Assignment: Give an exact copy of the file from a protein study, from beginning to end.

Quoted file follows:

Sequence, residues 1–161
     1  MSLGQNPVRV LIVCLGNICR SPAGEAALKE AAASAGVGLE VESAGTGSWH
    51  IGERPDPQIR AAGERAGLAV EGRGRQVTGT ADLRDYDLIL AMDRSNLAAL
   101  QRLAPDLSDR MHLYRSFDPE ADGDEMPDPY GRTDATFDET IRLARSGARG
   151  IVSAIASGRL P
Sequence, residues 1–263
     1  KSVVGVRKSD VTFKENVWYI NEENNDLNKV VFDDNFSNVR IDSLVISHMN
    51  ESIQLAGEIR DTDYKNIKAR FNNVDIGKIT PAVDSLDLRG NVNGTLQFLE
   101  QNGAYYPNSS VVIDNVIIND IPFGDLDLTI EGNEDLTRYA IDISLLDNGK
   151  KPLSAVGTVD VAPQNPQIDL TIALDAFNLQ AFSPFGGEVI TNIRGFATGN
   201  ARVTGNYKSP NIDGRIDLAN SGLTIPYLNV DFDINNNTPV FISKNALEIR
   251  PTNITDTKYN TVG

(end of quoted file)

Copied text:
Sequence, residues 1–161
     1  MSLGQNPVRV LIVCLGNICR SPAGEAALKE AAASAGVGLE VESAGTGSWH
    51  IGERPDPQIR AAGERAGLAV EGRGRQVTGT ADLRDYDLIL AMDRSNLAAL
   101  QRLAPDLSDR MHLYRSFDPE ADGDEMPDPY GRTDATFDET IRLARSGARG
   151  IVSAIASGRL P
Sequence, residues 1–263
     1  KSVVGVRKSD VTFKENVWYI NEENNDLNKV VFDDNFSNVR IDSLVISHMN
    51  ESIQLAGEIR DTDYKNIKAR FNNVDIGKIT PAVDSLDLRG NVNGTLQFLE
   101  QNGAYYPNSS VVIDNVIIND IPFGDLDLTI EGNEDLTRYA IDISLLDNGK
   151  KPLSAVGTVD VAPQNPQIDL TIALDAFNLQ AFSPFGGEVI TNIRGFATGN
   201  ARVTGNYKSP NIDGRIDLAN SGLTIPYLNV DFDINNNTPV FISKNALEIR
   251  PTNITDTKYN TVG